3.1.3. Estimation of the between the Phage Clones and TNF-α

The value was estimated for 15 phage clones. One clone was chosen to represent the sequences that were found several times. The clone that showed the best value is C30-R3 (clone 30 from round 3, C-PATLTSL-C, 2.05 10−11 M). The lowest affinity was found for clone C47-R4 (clone 47 from round 4, C-NNPLKSL-C, 9.89 10−6 M). All the other clones were found to have a value lower than 10−8 M.

The best clones were chosen on the basis of the ratio BSA/ TNF- to be tested in competition with an anti-TNF- antibody (Figure 3). Seven phage clones were thus selected for these competition tests: C2-R3 (C-GSKTQAP-C), C22-R3 (C-STPHNLG-C), C30-R3 (C-PATLTSL-C), C41-R3 (C-RPPIGAF-C), C42-R3 (C-TSQSQHM-C), C45-R3 (C-GPAVYMK-C), and C46-R3 (C-QGDLPGY-C). The highest affinity clones were C2-R3 and C30-R3, with a BSA/ TNF- ratio of 6 106 and 4.2 106, respectively; the clone showing the lowest affinity was again C47-R4, with a BSA/ TNF- ratio of 0.02.

348409.fig.003
Figure 3: Affinity of the 15 selected phage clones. Clones having the best affinity are the C2-R3 and C30-R3 clones with a   BSA/   TNF- of 6 106 and 4.2 106, respectively.
3.1.4. Competition Experiments with an Anti-TNF- Antibody

The objective of this test is to set up a competition between every phage clone and another ligand of the target to calculate an inhibition constant value (IC50). A high IC50 value indicates that a significant concentration of antibody is necessary to displace phages from their binding sites on the target.

The best phage clone-target interaction was found for C2-R3 and C30-R3 (IC50 values of 1.12 10−7 M and 1.27 10−7 M, resp.).

Subsequently, the best phage clones were selected on the basis of their / ratio, which reflects the highest target affinity of a phage clone (Figure 4). The clones C2-R3 and C30-R3 showed the highest ratio (1087 and 6195, resp.).

348409.fig.004
Figure 4: / ratio of the 7 phage clones selected for their high BSA/ TNF- ratio. Clones C2-R3 and C30-R3 have the best affinity for the target ( / ratio values of 1087 and 6195, resp.). These results are in agreement with the previous ones.
3.2. The Characterization of the Phage Display-Selected Peptides
3.2.1. The Estimation of of the Selected Peptides for TNF-

The values of cyclic and linear biotinylated peptides (C-)GSKTQAP(-C) (peptide 1) and (C-)PATLTSL(-C) (peptide 2) were evaluated. (C-)PATLTSL(-C) showed a better affinity for the target than (C-)GSKTQAP(-C). Linear and cyclic forms of GSKTQAP weakly interact with TNF- and the curve does not reach saturation. In comparison with the GSKTQAP peptide, the linear and cyclic forms of the PATLTSL peptide (resp., 2L and 2C peptides) have a good ability to interact with the target ( values of and , resp.). Both linear and cyclic forms show only a weak interaction with the PFBB coated plate; the values could not be estimated.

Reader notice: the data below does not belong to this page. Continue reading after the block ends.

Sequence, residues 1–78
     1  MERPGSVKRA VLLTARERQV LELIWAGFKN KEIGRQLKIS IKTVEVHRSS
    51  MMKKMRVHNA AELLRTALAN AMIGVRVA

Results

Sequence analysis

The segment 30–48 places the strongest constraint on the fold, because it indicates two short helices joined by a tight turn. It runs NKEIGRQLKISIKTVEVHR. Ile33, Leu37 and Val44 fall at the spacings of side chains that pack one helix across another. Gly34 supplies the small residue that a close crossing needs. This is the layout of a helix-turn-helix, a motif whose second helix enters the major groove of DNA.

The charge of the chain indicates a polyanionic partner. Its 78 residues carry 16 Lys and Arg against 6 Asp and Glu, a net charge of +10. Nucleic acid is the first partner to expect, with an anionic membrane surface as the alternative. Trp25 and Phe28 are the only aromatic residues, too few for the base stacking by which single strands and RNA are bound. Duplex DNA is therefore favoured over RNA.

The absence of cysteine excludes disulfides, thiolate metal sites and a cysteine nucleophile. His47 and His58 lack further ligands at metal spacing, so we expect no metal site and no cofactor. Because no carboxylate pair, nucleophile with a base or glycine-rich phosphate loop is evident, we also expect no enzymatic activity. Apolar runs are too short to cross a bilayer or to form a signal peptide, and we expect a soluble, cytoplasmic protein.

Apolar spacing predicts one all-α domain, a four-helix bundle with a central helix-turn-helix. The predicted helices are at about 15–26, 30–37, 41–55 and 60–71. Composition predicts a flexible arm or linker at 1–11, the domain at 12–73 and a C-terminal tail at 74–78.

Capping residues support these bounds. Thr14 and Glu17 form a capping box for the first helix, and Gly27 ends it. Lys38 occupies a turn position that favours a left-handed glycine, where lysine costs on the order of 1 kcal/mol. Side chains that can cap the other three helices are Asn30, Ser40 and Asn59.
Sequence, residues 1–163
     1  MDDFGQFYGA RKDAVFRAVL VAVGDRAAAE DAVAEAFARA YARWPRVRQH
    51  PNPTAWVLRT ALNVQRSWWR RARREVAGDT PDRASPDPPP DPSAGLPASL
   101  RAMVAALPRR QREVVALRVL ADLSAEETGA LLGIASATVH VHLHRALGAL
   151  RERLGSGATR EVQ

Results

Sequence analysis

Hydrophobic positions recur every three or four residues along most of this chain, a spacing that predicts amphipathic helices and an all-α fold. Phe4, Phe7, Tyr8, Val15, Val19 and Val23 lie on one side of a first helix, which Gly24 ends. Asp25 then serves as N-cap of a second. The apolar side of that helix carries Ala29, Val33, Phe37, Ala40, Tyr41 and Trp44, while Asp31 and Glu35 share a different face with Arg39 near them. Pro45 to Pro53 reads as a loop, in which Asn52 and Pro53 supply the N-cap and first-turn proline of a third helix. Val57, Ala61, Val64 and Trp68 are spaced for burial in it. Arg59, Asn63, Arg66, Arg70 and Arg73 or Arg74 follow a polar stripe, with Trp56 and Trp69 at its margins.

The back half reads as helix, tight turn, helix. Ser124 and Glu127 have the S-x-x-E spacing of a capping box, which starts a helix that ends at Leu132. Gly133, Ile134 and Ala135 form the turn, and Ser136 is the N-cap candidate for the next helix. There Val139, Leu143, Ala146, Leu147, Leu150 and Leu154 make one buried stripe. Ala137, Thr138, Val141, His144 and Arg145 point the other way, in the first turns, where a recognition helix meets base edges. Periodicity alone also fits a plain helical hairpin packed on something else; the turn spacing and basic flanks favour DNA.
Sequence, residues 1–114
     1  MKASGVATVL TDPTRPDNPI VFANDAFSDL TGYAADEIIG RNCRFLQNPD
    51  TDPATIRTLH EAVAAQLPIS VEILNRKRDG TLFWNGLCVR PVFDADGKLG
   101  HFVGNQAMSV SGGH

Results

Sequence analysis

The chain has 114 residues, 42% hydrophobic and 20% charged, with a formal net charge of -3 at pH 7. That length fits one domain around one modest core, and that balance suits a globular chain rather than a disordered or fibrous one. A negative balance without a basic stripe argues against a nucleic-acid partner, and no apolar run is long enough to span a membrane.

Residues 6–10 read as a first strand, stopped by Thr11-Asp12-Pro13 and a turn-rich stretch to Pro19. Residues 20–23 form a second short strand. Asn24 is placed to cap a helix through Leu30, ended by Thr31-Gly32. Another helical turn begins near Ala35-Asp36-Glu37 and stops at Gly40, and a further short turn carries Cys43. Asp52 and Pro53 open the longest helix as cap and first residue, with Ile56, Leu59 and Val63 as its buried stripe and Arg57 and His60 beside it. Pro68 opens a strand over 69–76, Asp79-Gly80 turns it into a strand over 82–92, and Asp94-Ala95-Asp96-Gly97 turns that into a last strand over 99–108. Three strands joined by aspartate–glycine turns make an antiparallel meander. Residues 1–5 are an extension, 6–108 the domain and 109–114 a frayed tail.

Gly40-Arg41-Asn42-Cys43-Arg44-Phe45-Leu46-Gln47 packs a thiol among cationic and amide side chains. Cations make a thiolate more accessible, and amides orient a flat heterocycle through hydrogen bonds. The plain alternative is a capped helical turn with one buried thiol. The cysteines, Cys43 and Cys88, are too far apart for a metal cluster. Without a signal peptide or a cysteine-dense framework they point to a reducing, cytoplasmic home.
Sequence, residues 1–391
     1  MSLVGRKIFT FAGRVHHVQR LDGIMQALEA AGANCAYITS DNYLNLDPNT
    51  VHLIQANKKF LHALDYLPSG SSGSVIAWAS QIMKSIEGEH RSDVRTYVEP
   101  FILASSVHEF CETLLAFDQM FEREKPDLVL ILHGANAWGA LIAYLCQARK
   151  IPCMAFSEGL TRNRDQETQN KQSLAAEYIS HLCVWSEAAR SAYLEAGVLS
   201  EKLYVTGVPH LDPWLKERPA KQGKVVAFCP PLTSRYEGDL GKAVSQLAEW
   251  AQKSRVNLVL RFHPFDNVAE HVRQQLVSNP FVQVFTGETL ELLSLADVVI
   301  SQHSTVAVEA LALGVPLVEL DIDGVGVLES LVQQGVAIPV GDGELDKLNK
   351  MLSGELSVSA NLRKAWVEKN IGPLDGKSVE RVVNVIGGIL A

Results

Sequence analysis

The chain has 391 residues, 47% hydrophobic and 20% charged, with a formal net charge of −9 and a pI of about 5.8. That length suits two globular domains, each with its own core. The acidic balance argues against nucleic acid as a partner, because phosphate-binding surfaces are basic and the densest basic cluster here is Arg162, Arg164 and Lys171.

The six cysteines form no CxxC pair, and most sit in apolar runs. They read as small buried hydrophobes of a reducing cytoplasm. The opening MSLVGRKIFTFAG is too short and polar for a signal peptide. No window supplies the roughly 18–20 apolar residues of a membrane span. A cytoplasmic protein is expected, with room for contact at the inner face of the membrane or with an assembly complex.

3.3. The Physicochemical Characterization of the 2C Peptide Grafted to the USPIO-PEG Nanoparticles

The 2C peptide-USPIO-PEG was prepared from iron oxide nanoparticles that were functionalized first with the peptide and then with an amino-PEG 750. These grafting steps do not change significantly the relaxometric properties of the nanoparticle. NMRD profiles showing the changes in relaxivity (1/T1) versus the applied magnetic field strength are given in Figure 5.

348409.fig.005
Figure 5: NMRD profiles of 2C peptide-USPIO-PEG (black circles) and USPIO-PEG (red triangles).

The physicochemical properties of the nanoparticles included a hydrodynamic size of 33 nm (determined by PCS), an   of 40.2 s−1 m M−1 and of 81.6 s−1 m M−1 at 20 MHz, 37°C; an of 17.9 s−1 m M−1 and  of   82.9 s−1 m M−1 at 60 MHz, 37°C.

The theoretical fitting of the NMRD profile according to the superparamagnetic relaxation model [20] gave a magnetization Msat of 55.82 Am2/kg and a radius of 5.76 nm. The vectorization with peptides and PEG does not change significantly the magnetic properties of the nanoparticles.

3.4. Immunohistochemical Assay
3.4.1. TNF- Immunodetection with a Polyclonal Antibody in a Mouse Model of Hepatitis